Frederick Beaumont

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Frederick Edward Blackett Beaumont
Born22 October 1833
Died20 August 1899
AllegianceUnited Kingdom
Service/branchBritish Army
Years of service1852 - 1877
UnitRoyal Engineers
Battles/warsCrimean War, Indian Mutiny
AwardsIndMutinyRibbon.png Indian Mutiny Medal
Turkish Crimean War medal
Other workMember of Parliament

Frederick Edward Blackett Beaumont (22 October 1833 – 20 August 1899) was an English-born British officer of the Royal Engineers who produced several inventions, including a tunneling machine which bore his name, and the Beaumont–Adams revolver.

Early life[edit]

Beaumont was the son of Edward Blackett Beaumont and Jane Lee. He was born in Darfield, South Yorkshire[1] and educated at the Harrow School, Harrow on the Hill, England.


A contemporary plan of a tunnel boring machine from the 1880s on an idea by Colonel Frederick Beaumont and Thomas English. The tunnel boring machine was 9 meters (30 ft) long and was driven with compressed air.

Beaumont served in the Royal Engineers and was a contemporary of General Charles George Gordon; his name appeared directly before Gordon's in the Army Lists from the date of their first commissioning on 23 June 1852.

As a lieutenant, Beaumont saw service during the Crimean War, and was one of only a small number of British officers who served with Turkish forces along the Danube, serving with the (local) rank of Captain in the Turkish Contingent Engineers, for which service he was awarded the Turkish Crimean War medal rather than the British Crimean War Medal.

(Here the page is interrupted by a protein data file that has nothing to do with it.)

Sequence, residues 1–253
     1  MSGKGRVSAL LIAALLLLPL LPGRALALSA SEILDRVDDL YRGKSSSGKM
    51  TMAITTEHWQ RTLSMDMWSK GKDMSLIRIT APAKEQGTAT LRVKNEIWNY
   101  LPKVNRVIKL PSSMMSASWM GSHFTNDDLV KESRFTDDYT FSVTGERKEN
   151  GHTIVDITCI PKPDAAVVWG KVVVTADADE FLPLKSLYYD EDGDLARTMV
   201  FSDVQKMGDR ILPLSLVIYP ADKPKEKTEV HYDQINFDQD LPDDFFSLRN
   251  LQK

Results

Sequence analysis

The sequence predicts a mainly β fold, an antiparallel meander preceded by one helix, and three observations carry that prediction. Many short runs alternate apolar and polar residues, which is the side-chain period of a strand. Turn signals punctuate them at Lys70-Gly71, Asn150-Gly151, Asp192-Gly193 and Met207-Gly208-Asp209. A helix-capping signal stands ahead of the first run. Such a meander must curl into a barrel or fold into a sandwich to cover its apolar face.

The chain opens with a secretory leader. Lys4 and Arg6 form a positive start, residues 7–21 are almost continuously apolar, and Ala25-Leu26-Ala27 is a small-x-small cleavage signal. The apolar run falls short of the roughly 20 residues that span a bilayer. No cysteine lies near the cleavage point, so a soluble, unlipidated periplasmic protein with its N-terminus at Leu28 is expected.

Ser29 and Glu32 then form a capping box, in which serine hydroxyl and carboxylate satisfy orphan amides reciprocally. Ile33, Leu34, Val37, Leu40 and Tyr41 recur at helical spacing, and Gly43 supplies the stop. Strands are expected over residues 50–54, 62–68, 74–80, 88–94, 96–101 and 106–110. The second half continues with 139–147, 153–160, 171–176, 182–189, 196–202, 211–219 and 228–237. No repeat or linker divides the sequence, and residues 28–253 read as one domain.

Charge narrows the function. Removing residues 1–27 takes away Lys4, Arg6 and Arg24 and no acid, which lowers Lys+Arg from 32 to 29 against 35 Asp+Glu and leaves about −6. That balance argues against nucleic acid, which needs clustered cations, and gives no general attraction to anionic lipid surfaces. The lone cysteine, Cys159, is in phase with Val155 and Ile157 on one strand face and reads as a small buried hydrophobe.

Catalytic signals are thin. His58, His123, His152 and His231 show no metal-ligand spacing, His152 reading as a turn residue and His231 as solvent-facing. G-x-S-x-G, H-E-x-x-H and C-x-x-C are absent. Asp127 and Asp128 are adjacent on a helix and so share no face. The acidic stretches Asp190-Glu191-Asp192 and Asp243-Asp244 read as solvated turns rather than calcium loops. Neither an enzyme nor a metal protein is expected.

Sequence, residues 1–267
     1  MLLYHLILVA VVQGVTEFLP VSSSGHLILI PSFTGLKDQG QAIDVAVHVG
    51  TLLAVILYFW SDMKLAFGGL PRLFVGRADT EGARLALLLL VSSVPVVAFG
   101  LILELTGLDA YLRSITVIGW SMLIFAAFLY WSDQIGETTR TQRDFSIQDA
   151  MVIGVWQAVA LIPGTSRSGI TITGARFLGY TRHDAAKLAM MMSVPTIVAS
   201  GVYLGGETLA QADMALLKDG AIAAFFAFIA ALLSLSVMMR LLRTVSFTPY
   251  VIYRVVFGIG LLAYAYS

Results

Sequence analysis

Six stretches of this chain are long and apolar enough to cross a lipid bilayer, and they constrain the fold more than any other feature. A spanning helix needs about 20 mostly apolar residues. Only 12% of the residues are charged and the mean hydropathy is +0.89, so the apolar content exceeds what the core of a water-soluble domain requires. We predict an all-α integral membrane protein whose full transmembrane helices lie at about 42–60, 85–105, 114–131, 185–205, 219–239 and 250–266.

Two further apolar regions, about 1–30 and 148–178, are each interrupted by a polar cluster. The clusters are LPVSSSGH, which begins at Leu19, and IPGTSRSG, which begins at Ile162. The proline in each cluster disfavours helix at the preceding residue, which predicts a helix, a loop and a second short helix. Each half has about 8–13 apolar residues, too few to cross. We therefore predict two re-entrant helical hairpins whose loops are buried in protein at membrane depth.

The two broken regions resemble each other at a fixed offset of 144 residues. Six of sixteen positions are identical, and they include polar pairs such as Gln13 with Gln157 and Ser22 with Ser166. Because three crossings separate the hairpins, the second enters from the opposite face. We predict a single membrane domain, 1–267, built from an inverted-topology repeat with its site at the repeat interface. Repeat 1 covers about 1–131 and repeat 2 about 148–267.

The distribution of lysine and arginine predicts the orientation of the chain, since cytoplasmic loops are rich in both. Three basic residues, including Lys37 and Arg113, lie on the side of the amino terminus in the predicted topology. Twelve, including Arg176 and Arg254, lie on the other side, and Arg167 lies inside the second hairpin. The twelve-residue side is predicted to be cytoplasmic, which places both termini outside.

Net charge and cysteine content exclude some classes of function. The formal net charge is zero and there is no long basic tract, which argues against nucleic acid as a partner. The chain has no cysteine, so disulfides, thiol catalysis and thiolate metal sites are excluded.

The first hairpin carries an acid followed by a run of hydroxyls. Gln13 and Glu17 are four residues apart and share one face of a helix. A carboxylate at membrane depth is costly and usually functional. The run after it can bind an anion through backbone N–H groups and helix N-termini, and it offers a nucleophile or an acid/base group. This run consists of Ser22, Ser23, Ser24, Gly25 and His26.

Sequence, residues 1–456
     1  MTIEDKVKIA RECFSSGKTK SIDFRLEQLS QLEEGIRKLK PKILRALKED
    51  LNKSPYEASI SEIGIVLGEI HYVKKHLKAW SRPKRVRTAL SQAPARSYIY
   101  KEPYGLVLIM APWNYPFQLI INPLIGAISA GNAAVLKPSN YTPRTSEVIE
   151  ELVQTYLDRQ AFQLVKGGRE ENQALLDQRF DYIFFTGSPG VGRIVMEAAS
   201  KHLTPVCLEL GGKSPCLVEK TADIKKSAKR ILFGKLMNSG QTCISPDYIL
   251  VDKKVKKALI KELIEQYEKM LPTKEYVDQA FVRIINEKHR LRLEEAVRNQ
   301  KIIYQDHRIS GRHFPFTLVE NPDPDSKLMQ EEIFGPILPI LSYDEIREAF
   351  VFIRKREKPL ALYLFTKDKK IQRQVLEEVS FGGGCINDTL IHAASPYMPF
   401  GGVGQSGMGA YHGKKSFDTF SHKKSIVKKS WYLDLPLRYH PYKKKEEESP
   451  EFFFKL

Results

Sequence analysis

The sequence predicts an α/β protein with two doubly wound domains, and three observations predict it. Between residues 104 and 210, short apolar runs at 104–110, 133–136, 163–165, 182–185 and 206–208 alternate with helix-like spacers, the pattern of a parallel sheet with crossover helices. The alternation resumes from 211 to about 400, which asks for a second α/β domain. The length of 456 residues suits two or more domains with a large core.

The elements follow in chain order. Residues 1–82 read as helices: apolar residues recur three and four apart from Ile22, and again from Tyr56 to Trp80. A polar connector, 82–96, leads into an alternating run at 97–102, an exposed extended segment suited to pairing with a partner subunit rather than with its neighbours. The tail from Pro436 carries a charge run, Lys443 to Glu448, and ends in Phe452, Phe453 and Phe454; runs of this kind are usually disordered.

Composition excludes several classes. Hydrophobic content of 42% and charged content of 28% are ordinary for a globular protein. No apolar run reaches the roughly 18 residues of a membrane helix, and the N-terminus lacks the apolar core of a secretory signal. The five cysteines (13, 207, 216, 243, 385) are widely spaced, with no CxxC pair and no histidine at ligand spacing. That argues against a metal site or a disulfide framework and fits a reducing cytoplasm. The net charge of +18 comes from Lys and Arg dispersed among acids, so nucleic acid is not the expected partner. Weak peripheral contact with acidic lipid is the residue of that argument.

In 1858 Beaumont again saw action, in the Indian Mutiny, during which he served on the staff of the Royal Engineers, distinguishing himself on 14 March 1858 at Lucknow and being awarded the Indian Mutiny Medal with clasp.

Promoted to Captain in 1866, Beaumont in conjunction with Captain F.E. Grover made efforts to get ballooning adopted by the British Army, Beaumont having witnessed the use of balloons in the American Civil War.

Beaumont was promoted to Major in 1872, and in 1873 was placed in charge of railways at the Royal Arsenal, Woolwich. While in the post he worked on methods for generating hydrogen for balloon experiments and was described by his contemporaries as "a man of remarkably inventive talent."

In 1875 Beaumont filed a patent for a pneumatic tunnelling machine which could cut through chalk at the rate of 200 yards per week. After further development of this design with Captain Thomas English, two Beaumont-English tunnelling machines were adopted for use by Edward Watkin in his attempt to dig a Channel Tunnel in 1880. By the time the project was stopped in early 1882, the two machines had successfully bored over 3,000 yards under the Channel without difficulty.[2]

In 1876 Beaumont took leave from the Army and was elected one of the two Members of Parliament for South Durham which he held from 1868 to 1880.

Beaumont retired from the Army shortly after his promotion to Colonel in 1877, and died on 20 August 1899.

See also[edit]


  • " - Person Page 505". Retrieved 7 February 2008.
  • "Biography-Col. F.E.B. Beaumont, RE". Nineteenth Century British and Indian Armies and their Soldiers. Archived from the original on 10 January 2008. Retrieved 7 February 2008.
  • Driver, Hugh (1997). The Birth of Military Aviation: Britain, 1903-1914. Royal Historical Society. ISBN 0-86193-234-X.

External links[edit]

Parliament of the United Kingdom
Preceded by
Joseph Whitwell Pease
Charles Freville Surtees
Member of Parliament for South Durham
With: Joseph Whitwell Pease
Succeeded by
Joseph Whitwell Pease
Hon. Frederick William Lambton